Neurological

Direct to Angiography Suite improves functional outcomes in LVO strokes shortly after the onset of symptoms

Direct transfer to angiography suite (DTAS) compared to direct transfer to computed tomography (DTCT) is safe and leads to improved clinical outcomes in patients with acute ischemic stroke caused by large vessel occlusion (LVO) that occurs within Is hospitalized 6 hours after the onset of symptoms. according to study results published in JAMA Neurology.

Endovascular treatment is the standard of care in patients with acute ischemic stroke due to LVO. The time between onset of symptoms and reperfusion is critical to clinical outcomes in patients with LVO stroke. Hence, strategies to shorten hospital workflows are important to improve functional independence outcomes.

Researchers conducted a prospective, randomized clinical trial (ANGIOCAT; ClinicalTrials.gov Identifier: NCT04001738) to determine whether patients with clinical suspicion of LVO at hospital admission (National Institutes of Health [NIH] Line scale [NIHSS] Score> 10) show better long-term clinical results after a DTAS workflow compared to patients with a conventional neuroimaging workflow in the hospital.

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The modified Rankin scale (mRS) score after 90 days for patients with confirmed LVO (modified intention-to-treat [mITT] Population) was the primary study result. Secondary efficacy results included time from hospital admission to arterial puncture, rate of dramatic early recovery, rate of mRS score of 2 or less at 90 days, and rate of endovascular treatment of patients with LVO. Safety outcomes included rates of neurological deterioration and complications, and 90-day mortality.

A total of 174 patients (mean age 73.4 ± 12.6 years; 44.8% women) were included in the study (safety analysis population: 89 [51.1%] in the DTAS group; 85 [48.9%] in the DTCT group). In the cohort, 147 patients (84.5%) presented with LVO (mITT population: 74 [50.3%] in the DTAS group; mean age 71.8 ± 13.1 years; 51.4% men; 73 [49.7%] in the DTCT group; Mean age 75.6 ± 12.3 years; 56.2% women).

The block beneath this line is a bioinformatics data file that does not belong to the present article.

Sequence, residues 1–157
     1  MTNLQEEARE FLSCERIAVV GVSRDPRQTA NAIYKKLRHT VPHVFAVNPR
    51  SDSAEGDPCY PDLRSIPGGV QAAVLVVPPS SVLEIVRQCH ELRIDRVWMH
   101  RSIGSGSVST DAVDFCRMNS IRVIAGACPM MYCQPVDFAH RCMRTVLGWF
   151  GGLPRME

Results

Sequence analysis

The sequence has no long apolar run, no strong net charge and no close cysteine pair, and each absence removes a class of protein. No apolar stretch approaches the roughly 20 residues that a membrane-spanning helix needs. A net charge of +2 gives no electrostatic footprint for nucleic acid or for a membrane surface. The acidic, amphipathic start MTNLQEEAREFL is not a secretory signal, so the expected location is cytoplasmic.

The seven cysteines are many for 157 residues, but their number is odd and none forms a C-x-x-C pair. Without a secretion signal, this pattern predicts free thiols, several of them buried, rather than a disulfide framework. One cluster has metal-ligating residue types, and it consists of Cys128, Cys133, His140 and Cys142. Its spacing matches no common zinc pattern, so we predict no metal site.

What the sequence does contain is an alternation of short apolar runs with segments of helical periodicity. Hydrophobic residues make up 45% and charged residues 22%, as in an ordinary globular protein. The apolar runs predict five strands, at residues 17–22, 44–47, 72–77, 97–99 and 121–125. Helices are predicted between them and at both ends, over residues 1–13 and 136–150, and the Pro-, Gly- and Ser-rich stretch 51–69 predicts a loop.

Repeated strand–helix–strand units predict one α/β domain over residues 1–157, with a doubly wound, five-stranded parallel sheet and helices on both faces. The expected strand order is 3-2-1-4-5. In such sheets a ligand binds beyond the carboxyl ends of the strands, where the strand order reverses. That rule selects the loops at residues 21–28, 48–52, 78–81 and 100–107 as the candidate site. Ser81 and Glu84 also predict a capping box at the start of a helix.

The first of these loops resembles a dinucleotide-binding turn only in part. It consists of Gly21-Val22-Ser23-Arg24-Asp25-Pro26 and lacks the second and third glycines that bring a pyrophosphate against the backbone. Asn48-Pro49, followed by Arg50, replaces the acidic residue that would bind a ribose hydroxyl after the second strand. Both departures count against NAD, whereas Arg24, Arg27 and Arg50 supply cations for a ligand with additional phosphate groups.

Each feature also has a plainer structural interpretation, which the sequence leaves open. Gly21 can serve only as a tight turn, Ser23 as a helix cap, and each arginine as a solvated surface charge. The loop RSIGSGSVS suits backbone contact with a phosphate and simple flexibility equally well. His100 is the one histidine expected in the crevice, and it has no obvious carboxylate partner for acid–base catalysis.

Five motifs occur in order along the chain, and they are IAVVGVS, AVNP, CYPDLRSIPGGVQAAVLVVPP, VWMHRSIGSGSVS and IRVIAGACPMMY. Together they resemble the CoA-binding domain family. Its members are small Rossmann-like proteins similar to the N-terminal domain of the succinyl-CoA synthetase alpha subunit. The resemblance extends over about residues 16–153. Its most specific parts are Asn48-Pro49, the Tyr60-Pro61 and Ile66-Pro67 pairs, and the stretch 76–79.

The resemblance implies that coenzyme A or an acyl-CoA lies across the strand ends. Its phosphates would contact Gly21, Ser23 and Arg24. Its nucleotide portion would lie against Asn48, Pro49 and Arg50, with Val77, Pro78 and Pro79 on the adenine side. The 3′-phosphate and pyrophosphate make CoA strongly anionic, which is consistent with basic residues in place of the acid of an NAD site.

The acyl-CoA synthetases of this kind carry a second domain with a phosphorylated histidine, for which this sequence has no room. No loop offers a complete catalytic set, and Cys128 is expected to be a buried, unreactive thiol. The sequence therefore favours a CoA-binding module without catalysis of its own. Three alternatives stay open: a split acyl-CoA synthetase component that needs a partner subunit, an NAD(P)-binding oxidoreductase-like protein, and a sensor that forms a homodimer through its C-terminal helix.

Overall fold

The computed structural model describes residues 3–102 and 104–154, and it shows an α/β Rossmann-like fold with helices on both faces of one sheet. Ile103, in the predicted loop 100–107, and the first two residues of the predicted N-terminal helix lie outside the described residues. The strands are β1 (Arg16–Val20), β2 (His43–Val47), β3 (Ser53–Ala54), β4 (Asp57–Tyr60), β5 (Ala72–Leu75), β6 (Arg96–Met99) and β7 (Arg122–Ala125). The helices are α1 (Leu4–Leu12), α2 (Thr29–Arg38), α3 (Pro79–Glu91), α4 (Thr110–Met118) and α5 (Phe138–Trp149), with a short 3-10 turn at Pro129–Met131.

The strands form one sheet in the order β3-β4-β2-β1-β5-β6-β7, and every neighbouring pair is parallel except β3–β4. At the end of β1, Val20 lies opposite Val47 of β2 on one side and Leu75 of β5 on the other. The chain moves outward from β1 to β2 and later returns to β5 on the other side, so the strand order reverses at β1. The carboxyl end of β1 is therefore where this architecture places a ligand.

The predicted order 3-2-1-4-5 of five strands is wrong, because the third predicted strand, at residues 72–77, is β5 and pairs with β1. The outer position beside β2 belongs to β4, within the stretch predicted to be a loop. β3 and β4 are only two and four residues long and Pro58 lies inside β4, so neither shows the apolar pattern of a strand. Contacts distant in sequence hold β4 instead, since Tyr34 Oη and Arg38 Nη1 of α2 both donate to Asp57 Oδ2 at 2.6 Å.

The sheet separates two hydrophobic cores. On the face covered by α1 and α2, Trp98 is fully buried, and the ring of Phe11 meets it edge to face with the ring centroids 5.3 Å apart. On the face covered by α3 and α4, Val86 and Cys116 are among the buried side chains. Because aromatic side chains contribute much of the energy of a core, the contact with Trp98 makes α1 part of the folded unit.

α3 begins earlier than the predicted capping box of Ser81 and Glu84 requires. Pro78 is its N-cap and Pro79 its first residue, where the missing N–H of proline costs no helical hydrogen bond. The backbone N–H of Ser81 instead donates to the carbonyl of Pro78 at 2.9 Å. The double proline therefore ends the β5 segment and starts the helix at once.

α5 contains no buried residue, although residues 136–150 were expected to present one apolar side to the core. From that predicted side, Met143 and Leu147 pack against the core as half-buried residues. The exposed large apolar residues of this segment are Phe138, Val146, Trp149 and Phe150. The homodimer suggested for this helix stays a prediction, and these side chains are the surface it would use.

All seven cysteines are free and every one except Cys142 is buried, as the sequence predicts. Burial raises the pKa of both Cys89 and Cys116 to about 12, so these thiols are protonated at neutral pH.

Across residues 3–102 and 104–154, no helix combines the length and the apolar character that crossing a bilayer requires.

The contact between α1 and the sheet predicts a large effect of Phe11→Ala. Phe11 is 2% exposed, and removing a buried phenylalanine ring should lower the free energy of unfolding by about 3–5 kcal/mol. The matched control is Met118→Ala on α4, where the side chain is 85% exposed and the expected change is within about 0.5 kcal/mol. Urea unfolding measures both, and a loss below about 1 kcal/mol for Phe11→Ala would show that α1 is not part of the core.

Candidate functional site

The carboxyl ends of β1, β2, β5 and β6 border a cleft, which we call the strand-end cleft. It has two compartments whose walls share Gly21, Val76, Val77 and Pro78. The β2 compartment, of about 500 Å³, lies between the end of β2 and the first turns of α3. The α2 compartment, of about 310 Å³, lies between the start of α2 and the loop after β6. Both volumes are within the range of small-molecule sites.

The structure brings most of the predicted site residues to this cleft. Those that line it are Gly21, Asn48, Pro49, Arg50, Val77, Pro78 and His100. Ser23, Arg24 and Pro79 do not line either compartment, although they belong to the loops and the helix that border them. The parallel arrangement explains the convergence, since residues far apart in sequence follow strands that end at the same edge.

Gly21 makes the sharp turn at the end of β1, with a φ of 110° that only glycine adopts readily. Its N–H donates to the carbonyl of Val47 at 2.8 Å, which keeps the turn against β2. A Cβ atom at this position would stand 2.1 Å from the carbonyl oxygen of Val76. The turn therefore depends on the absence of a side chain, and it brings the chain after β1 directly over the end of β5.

The participants had a mean onset-to-door time of 228.0 ± 117.9 minutes and a median NIHSS score of 18 (interquartile range [IQR], 14-21) when recording.

The primary endpoint analysis showed an adjusted common odds ratio (OR) of a 1-point improvement in the mRS score of 2.2 (95% CI 1.2-4.1) in favor of the participants who received DTAS (P = 0.009 ). In the mITT cohort, the rate of endovascular treatment in the DTAS group was significantly higher than in the DTCT group (74 [100%] against 64 [87.7%], respectively; P = .002).

In terms of in-hospital treatment delays, patients receiving DTAS compared to DTCT had a significantly shorter median time from admission to arterial puncture (18 minutes). [IQR, 15-24 minutes] vs 42 minutes [IQR, 35-51 minutes], respectively; P <.001) as well as a shorter median time from door to reperfusion (57 minutes [IQR, 43-77 minutes] vs 84 minutes [IQR, 63-117 minutes], respectively; P <.001).

No significant differences were found between the DTAS and DTCT groups in terms of rates of clinical deterioration (10.1% and 17.6%; P = 0.15) and rates of symptomatic hemorrhagic transformation (1.2% and 17.6%, respectively) 3.8%; P = 0.40) observed) or rates of severe procedural complications (8.1% and 2.7%, respectively; P = 0.60).

The study had several limitations. The ANGIOCAT study was carried out in a single center that normally ran DTAS protocols and external data monitoring was carried out only by the Data Safety Monitoring Board. In addition, due to the premature discontinuation of the study, it was not possible to identify differences between the groups in terms of safety variables and an interim analysis may have overestimated the actual treatment effect.

“The DTAS protocol reduced hospital delays and achieved shorter times from hospital admission to onset of treatment and reperfusion, which was associated with a significant shift towards better outcomes across the spectrum of disability,” the researchers concluded.

Disclosure: Some of the study authors stated links with pharmaceutical companies. For a full list of the author’s disclosures, see the original reference.

reference

Requena M., Olivé-Gadea M., Muchada M., et al. Skip to the Continuous Angiography Suite for Computed Tomography Imaging for Patients with Acute Stroke: A Randomized Clinical Trial. JAMA Neurol. Published online August 2, 2021. doi: 10.1001 / jamaneurol.2021.2385

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